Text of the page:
Detecting Improper Portfolio Management Activity

By Seth C. Anderson and Lynn Comer Jones

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SEPTEMBER 2005 - Investment accounts can be abused in four primary ways: 1) ineptitude in management; 2) misappropriation of account assets; 3) use of unsuitable investment vehicles; and 4) churning of the account.

Ineptitude in management is difficult to determine. Misappropriation of assets, although easy to quantify, is beyond the scope of this article. The authors will endeavor to provide an efficient overview of suitability and churning. According to S.C. Anderson and D.A. Winslow [“Definining Suitability,” Kentucky Law Journal, 81, no. 1 (1992)], suitability violations involve the use of investment vehicles inappropriate to meet an investor’s objectives. Churning, according to Winslow and Anderson [“Model for Determining the Excessive Trading Element in Churning Claims,” North Carolina Law Review, 6 (January 1990)], involves the excessive trading of investment vehicles. When either or both of these activities occur, the investor’s best interests have not been served, and there has been a violation of the fiduciary duties owed to the investor by the financial professional.

Investment Professionals’ Duties

According to a 2004 report from the Zero Alpha Group, 26% of investors understand that the primary role of stockbrokers is merely to buy and sell investment products; the majority of investors (53%) incorrectly believe that investment advice is a key service offered by stockbrokers.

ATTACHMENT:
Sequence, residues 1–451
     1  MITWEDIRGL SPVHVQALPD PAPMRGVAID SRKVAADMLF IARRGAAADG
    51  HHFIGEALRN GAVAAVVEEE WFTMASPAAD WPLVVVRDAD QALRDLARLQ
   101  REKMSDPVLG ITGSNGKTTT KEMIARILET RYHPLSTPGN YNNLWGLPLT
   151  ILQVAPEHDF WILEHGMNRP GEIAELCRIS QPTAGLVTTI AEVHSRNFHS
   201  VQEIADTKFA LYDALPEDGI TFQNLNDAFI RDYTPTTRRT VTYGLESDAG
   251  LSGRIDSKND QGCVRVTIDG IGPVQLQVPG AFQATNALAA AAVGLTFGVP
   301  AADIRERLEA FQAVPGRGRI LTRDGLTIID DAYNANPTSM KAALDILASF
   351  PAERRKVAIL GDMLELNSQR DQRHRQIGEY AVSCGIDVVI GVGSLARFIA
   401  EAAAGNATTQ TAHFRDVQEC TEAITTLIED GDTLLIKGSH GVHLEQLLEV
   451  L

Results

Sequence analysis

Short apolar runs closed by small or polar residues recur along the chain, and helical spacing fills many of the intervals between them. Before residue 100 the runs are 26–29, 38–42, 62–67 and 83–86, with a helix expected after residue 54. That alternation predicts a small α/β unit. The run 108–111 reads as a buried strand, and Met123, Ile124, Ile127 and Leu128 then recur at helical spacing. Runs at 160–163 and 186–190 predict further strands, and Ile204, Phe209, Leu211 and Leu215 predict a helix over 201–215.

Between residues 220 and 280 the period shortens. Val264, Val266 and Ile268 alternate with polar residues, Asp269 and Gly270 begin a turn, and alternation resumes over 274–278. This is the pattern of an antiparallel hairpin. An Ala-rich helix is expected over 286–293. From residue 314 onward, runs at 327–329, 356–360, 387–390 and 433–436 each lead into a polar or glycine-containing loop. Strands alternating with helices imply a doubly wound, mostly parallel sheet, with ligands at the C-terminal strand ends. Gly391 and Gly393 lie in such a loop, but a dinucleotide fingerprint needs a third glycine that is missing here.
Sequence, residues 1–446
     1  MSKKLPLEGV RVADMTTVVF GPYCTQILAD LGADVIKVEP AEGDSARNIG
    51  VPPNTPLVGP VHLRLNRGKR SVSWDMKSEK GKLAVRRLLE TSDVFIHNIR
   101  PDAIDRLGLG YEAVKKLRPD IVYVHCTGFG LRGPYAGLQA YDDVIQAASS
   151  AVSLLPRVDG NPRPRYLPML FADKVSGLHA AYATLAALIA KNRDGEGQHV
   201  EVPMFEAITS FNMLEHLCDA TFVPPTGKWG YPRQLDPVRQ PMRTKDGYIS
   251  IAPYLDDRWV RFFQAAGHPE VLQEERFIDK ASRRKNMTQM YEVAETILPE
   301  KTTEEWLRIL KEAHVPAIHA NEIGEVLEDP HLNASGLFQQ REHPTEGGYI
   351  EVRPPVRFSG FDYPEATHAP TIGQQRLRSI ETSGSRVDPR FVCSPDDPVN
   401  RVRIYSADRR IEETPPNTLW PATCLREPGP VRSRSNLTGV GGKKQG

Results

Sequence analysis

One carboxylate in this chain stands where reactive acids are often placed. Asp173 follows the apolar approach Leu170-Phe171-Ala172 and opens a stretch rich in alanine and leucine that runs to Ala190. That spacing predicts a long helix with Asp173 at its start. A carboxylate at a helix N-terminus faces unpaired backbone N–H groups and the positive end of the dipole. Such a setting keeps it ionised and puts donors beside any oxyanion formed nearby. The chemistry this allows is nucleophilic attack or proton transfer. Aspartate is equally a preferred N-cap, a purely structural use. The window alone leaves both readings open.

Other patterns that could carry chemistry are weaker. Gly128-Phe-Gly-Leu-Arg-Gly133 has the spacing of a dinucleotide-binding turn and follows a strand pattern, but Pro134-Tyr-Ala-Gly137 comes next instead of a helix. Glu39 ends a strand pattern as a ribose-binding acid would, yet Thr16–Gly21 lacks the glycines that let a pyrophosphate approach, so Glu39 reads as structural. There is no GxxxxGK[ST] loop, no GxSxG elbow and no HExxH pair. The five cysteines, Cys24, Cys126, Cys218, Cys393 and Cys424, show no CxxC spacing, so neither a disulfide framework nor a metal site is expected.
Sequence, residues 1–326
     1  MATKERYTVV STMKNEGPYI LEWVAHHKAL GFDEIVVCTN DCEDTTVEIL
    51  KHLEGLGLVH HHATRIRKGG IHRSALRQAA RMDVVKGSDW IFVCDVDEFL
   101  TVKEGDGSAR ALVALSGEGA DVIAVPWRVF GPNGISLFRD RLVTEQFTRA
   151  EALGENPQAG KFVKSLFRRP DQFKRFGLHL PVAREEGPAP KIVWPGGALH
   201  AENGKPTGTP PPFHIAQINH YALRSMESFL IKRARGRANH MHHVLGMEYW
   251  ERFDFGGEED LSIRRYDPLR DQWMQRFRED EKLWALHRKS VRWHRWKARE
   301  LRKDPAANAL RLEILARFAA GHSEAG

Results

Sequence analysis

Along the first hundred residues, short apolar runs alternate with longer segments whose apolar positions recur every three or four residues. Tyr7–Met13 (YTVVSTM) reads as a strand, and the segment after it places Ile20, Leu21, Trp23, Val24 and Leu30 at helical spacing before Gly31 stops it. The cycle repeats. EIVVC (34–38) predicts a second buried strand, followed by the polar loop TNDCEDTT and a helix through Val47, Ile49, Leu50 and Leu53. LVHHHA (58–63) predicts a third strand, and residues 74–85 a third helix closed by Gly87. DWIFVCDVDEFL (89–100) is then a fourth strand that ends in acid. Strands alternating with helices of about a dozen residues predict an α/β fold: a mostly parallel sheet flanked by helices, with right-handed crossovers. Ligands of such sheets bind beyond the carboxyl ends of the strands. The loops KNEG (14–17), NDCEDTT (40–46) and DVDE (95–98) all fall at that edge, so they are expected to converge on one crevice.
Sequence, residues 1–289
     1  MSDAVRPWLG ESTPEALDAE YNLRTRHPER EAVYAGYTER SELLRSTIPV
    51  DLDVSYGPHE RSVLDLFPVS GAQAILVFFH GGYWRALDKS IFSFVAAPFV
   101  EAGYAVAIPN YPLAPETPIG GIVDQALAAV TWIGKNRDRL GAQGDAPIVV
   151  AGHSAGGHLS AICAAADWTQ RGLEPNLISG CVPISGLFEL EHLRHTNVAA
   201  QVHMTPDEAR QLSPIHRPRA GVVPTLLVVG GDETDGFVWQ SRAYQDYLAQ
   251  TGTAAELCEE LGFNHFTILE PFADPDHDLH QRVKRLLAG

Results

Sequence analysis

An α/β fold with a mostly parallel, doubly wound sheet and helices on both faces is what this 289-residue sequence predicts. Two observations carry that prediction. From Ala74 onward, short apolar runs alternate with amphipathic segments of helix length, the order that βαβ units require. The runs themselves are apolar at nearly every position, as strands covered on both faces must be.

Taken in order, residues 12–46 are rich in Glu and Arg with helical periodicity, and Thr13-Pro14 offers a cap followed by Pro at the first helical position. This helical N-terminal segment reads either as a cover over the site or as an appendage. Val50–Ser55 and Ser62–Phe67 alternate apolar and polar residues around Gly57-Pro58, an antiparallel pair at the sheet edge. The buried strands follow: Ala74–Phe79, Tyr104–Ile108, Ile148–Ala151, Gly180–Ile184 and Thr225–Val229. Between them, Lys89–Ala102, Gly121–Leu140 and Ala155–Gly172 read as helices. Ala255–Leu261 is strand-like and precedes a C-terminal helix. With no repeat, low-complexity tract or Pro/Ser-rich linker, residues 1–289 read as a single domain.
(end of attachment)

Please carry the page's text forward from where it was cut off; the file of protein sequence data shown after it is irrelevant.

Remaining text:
The requirement that a financial advisor recommend proper investment actions has several sources, primarily in the rules of the self-regulatory organizations (SRO). For example, the New York Stock Exchange (NYSE) requires that each member “know [the] customer” with respect to recommendations, sales, or offers; this directive contains an implicit duty of the financial advisor that recommendations reasonably relate to the needs revealed by the customer’s particular situation. Also, National Association of Security Dealers (NASD) Rule 2300, “Transactions with Customers,” includes Conduct Rule 2310, “Recommendations to Customers (Suitability),” which requires a financial advisor to have reasonable grounds for believing that an investment is suitable and make reasonable efforts to obtain information concerning the customer’s financial status and investment objectives, and other reasonable information before recommending a particular investment. In the 2001 NASD Securities Manual, the rule states:

(a) In recommending to a customer the purchase, sale or exchange of any security, a member shall have reasonable grounds for believing that the recommendation is suitable for such customer upon the basis of the facts, if any, disclosed by such customer as to his other security holdings and as to his financial situation and needs.
(b) Prior to the execution of a transaction recommended to a non-institutional customer, other than transactions with customers where investments are limited to money market mutual funds, a member shall make reasonable efforts to obtain information concerning: